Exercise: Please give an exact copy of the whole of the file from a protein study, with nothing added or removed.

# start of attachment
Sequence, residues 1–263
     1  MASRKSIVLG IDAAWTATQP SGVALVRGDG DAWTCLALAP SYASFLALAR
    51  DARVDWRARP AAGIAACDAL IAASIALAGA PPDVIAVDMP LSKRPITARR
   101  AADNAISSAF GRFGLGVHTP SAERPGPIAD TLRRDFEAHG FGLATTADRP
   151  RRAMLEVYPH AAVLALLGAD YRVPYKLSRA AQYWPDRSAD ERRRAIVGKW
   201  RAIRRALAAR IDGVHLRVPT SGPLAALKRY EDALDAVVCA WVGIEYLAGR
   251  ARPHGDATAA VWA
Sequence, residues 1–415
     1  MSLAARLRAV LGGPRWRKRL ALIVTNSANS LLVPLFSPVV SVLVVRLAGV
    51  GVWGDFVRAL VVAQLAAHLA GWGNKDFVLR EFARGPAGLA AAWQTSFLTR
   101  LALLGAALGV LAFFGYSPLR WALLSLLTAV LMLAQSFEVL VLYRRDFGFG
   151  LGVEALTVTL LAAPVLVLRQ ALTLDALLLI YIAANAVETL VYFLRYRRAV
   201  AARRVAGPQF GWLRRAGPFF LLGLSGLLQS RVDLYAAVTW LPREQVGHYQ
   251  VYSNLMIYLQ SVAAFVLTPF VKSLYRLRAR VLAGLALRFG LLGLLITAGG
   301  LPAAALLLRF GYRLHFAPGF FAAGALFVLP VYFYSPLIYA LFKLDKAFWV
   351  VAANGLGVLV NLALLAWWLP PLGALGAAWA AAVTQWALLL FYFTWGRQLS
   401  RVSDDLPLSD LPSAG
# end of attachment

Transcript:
Sequence, residues 1–263
     1  MASRKSIVLG IDAAWTATQP SGVALVRGDG DAWTCLALAP SYASFLALAR
    51  DARVDWRARP AAGIAACDAL IAASIALAGA PPDVIAVDMP LSKRPITARR
   101  AADNAISSAF GRFGLGVHTP SAERPGPIAD TLRRDFEAHG FGLATTADRP
   151  RRAMLEVYPH AAVLALLGAD YRVPYKLSRA AQYWPDRSAD ERRRAIVGKW
   201  RAIRRALAAR IDGVHLRVPT SGPLAALKRY EDALDAVVCA WVGIEYLAGR
   251  ARPHGDATAA VWA
Sequence, residues 1–415
     1  MSLAARLRAV LGGPRWRKRL ALIVTNSANS LLVPLFSPVV SVLVVRLAGV
    51  GVWGDFVRAL VVAQLAAHLA GWGNKDFVLR EFARGPAGLA AAWQTSFLTR
   101  LALLGAALGV LAFFGYSPLR WALLSLLTAV LMLAQSFEVL VLYRRDFGFG
   151  LGVEALTVTL LAAPVLVLRQ ALTLDALLLI YIAANAVETL VYFLRYRRAV
   201  AARRVAGPQF GWLRRAGPFF LLGLSGLLQS RVDLYAAVTW LPREQVGHYQ
   251  VYSNLMIYLQ SVAAFVLTPF VKSLYRLRAR VLAGLALRFG LLGLLITAGG
   301  LPAAALLLRF GYRLHFAPGF FAAGALFVLP VYFYSPLIYA LFKLDKAFWV
   351  VAANGLGVLV NLALLAWWLP PLGALGAAWA AAVTQWALLL FYFTWGRQLS
   401  RVSDDLPLSD LPSAG